Britain and Australia announced a free trade deal on Tuesday which the British government hailed as an important step in building new trade relationships following its departure from the European Union.
The pact, which will eliminate tariffs and red tape, was hailed by British Prime Minister Boris Johnson as “a new dawn” in the two countries’ relations.
Johnson’s Conservative Party government views the deal as an important element of its post-Brexit strategy to shift the country’s economic centre away from Europe and seek out fresh opportunities in higher-growth Indo-Pacific nations.
Earlier deals with other countries, including Japan, were built on existing agreements struck by the 27-member bloc.
Australian Prime Minister Scott Morrison and Johnson overcame sticking points during talks after the G7 meetings in the UK, which Morrison attended as a guest.
The UK said the deal will mean products such as cars, Scotch whisky, biscuits and ceramics will be cheaper to sell to Australia, a former British colony.
It will also see UK citizens under 35 able to travel and work in Australia more freely.
The bigger economic prize could be the precedent the deal sets for freer access in trade that allows Britain’s services sector to export financial, legal and other professional services.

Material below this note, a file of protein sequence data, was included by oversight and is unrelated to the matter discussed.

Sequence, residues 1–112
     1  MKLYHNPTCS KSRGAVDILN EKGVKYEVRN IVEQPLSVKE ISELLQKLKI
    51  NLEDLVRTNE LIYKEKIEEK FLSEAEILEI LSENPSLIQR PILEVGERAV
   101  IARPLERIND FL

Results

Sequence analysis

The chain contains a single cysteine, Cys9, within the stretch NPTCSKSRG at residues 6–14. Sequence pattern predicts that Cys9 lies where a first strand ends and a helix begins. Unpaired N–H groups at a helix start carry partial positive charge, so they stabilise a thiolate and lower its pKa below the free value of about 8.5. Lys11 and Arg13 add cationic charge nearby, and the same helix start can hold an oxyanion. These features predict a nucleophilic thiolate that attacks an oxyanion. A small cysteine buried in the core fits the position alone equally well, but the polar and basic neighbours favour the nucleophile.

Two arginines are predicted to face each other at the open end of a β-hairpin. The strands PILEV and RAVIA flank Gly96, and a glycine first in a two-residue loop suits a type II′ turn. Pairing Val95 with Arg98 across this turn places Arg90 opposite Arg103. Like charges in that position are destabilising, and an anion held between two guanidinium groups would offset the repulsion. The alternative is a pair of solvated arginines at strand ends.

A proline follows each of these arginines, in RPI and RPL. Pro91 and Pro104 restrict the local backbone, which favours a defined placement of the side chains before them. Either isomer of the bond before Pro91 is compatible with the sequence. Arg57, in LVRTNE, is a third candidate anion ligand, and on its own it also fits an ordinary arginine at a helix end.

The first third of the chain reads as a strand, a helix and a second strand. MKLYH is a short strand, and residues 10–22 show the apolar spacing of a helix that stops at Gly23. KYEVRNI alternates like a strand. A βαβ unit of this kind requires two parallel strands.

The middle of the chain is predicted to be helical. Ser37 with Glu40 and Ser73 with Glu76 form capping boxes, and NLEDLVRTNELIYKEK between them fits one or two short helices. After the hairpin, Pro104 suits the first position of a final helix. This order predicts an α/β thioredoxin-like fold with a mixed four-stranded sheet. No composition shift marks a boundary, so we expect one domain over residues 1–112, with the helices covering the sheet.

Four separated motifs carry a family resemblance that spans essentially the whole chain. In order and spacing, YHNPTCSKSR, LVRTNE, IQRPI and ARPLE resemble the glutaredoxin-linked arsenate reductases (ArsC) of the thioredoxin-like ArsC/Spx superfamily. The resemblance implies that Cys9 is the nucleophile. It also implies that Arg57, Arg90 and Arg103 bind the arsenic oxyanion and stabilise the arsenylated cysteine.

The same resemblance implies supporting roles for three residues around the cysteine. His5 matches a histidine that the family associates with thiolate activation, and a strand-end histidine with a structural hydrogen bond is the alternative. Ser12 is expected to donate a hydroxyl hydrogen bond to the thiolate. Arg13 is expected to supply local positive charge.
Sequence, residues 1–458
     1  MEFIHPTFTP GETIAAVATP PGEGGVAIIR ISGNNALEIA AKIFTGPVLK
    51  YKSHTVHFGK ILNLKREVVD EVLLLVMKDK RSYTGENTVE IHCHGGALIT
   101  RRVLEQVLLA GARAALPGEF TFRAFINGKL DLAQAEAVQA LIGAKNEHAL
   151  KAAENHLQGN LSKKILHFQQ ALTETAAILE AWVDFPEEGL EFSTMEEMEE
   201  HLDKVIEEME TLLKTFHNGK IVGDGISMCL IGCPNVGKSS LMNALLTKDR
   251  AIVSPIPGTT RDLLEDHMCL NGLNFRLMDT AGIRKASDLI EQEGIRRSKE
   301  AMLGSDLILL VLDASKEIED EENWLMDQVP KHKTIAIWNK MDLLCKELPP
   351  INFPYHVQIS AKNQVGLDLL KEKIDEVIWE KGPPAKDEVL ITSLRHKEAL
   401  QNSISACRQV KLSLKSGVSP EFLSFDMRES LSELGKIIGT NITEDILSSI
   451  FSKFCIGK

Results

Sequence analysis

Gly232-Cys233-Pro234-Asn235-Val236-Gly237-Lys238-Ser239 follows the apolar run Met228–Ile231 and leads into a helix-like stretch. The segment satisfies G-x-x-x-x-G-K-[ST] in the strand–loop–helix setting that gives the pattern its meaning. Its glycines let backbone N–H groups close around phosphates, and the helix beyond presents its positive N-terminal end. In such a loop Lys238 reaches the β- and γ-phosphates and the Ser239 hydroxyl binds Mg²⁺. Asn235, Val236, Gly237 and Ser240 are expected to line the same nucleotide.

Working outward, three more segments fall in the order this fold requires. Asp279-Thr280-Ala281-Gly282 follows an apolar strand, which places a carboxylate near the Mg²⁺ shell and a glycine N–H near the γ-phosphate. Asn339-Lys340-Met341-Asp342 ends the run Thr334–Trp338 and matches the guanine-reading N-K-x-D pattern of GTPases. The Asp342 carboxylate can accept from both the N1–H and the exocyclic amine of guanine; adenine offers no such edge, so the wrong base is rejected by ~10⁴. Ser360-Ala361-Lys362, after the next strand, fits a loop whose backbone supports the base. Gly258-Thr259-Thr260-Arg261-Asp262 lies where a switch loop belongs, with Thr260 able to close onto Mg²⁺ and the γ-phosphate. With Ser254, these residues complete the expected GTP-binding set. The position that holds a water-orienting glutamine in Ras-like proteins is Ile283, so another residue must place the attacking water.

“It is a fundamentally liberalising agreement that removes tariffs on all British goods, opens new opportunities for our services providers and tech firms, and makes it easier for our people to travel and work together,” British trade minister Liz Truss said.
Though further details about the deal have yet to emerge, some official estimates say the agreement could add 500 million pounds ($705.7m) to UK economic output in the long term – a fraction for an economy worth around two trillion pounds ($2.8 trillion).
The deal will be scrutinised by British farmers, who fear they could be forced out of business if the deal eliminates tariffs on lamb and beef imports from Australia.
The UK said British farmers would be protected by a cap on tariff-free imports for 15 years, using tariff rate quotas and other safeguards.
Australian Minister for Trade David Littleproud told 4BC Radio the deal marked a “win for Australian agriculture”.